POLITICS + GOVERNMENT
UVU expert weighs in on spy balloon, intelligence gathering
SALT LAKE CITY — U.S. officials have disclosed additional information about the Chinese spy balloon that flew over the country last week before being shot down off the coast of South Carolina.
CNN reports this is part of a larger Chinese spying operation.
Justin Finch, an ABC news correspondent, who has been following the hearings on the matter in Washington, D.C. joined Dave & Dujanovic with hosts Dave Noriega and Debbie Dujanovic to discuss the latest on the situation.
Why was the spy balloon not taken out over Alaska?
“The question was asked why was this not knocked out over Alaska,” Finch said. “We heard from those testifying from the Joint Chiefs and the Pentagon saying, it was at that time, that the risk may have been too high in that moment to knock it out.”
He says Sen. Lisa Murkowski (R-Alaska) found that to be unacceptable, and she said a big opportunity was missed.
Finch says more about the balloon is being understood as more of its wreckage is being recovered. He says its antenna was able to gather communications on the ground.
e says U.S. leaders have knowledge of these balloons flying over the country in recent years. However, there was no clarity on what they were or what their potential was.
Area expert weighs in
Andy Pierucci, an adjunct professor at the Center for National Security Studies at Utah Valley University also joined Dave and Dujanovic to weigh in on the situation.
Dujanovic says because of this incident, the U.S. may have a domain awareness gap.
She asks Pierucci, “What do you make of that domain awareness gap?”
He says what this balloon has highlighted for the country is a gray space between 320,000 feet. But above what most aircrafts will fly at.
“So, the majority of this balloon’s flight took place in the 60,000 to 70,000-foot range,” Pierucci said.
To put that in perspective, Pierucci says commercial airlines typically fly at 35,000 feet. A predator drone operates at 25,000 feet, and the B-52 bombers fly around 50,000 feet.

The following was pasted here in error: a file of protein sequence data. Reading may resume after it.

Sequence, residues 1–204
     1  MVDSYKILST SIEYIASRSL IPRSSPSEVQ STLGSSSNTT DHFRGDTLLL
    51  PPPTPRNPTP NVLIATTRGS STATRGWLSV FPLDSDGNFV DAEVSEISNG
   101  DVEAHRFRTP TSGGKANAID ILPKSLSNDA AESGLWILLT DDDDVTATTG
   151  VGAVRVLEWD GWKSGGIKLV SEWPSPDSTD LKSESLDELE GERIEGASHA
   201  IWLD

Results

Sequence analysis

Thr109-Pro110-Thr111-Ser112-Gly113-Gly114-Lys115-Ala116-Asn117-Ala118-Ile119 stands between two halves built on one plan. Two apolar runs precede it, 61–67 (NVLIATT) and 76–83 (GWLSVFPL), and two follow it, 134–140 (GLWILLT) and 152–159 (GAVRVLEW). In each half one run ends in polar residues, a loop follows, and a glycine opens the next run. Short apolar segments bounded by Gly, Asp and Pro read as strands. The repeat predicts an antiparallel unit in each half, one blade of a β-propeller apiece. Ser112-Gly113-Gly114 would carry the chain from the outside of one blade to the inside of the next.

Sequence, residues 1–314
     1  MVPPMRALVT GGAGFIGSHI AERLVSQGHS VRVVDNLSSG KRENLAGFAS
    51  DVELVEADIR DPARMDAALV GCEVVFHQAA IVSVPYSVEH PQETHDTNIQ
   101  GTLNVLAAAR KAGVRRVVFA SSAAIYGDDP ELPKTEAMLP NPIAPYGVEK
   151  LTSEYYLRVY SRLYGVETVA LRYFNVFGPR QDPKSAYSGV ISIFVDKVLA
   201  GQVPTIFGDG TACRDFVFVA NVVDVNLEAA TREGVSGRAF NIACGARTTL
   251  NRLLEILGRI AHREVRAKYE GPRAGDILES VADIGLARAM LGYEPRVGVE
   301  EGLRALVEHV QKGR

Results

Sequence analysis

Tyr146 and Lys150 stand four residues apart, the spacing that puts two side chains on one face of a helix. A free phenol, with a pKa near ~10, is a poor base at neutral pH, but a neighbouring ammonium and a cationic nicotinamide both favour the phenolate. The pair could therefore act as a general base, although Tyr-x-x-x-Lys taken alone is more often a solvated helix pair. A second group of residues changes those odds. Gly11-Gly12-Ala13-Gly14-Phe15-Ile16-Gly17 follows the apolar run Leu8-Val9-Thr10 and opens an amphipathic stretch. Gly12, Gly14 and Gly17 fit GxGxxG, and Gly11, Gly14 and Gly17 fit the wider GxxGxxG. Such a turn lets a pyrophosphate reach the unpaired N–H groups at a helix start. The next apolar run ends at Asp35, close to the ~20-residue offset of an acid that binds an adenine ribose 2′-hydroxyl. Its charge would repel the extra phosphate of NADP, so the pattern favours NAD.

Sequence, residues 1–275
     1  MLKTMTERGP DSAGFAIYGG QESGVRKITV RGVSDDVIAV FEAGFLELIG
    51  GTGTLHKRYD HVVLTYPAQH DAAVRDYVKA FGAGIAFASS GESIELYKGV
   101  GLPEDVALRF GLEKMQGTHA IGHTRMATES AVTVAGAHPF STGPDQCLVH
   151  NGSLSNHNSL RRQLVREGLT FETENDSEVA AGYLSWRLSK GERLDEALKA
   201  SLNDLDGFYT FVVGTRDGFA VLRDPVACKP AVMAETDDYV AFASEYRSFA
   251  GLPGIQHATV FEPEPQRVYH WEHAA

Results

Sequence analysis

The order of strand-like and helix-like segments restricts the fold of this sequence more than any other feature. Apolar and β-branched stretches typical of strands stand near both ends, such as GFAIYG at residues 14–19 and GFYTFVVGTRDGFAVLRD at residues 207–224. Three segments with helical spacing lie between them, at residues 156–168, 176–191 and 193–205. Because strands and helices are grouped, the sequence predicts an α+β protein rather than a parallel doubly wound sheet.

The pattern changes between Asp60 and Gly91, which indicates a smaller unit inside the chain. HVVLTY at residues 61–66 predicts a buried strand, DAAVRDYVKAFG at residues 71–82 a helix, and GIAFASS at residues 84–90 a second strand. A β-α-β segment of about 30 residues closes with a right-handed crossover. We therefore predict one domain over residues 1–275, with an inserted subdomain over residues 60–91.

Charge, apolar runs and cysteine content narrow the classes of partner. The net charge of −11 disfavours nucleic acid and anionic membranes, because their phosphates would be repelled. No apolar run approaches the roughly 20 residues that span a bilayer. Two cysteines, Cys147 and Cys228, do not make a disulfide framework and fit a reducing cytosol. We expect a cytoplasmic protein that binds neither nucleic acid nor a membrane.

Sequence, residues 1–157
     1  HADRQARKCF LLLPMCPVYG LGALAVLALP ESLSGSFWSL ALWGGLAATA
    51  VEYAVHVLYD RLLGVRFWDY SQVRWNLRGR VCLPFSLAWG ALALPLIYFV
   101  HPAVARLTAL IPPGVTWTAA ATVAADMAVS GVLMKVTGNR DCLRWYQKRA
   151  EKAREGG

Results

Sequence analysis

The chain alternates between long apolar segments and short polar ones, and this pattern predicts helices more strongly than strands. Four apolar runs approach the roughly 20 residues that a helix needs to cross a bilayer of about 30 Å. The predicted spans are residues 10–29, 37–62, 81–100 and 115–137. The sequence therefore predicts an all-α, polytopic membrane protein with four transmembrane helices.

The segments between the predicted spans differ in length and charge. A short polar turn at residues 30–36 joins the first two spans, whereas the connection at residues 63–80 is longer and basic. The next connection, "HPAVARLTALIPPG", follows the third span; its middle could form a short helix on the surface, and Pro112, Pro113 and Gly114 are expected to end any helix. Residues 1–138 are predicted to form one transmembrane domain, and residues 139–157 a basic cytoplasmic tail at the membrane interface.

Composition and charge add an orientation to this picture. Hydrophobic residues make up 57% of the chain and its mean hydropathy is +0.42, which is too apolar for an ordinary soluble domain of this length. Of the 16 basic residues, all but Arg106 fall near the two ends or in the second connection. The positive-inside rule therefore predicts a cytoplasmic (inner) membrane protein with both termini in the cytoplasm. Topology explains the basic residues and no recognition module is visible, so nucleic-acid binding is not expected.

Pierucci says the only aircraft that the air force publicly acknowledges that is in our fleet that can operate at that level is the U-2 High-Altitude Reconnaissance Aircraft.
Possible intelligence gathered on balloon
He says two such planes were monitoring the balloon as it flew over the country.
“The way the U-2 is configured, it can do multiple types of intelligence simultaneously,” Pierucci said.
He says the U-2 plane can take high resolution imagery, even at night. He says the plane captured images of the balloon’s antenna.
“And so from an intelligence collection perspective this was a huge opportunity for the U.S. Government to be able to really understand what these balloons are capable of,” he said.
Noriega asked if the U-2 has attack capabilities.
“It’s an intelligence gathering platform first and foremost,” Pierucci said.
Noriega asked if the country has anything that can take down something at that height.
“We have a wide variety of capabilities to be able to take something out at that height,” Pierucci said.
Dave & Dujanovic can be heard weekdays from 9 a.m. to noon. on KSL NewsRadio. Users can find the show on the KSL NewsRadio website and app, as well as Apple Podcasts and Google Play.
- A look at China’s history of spying in the US
- US military has shot down the Chinese spy balloon off US East Coast, US official says
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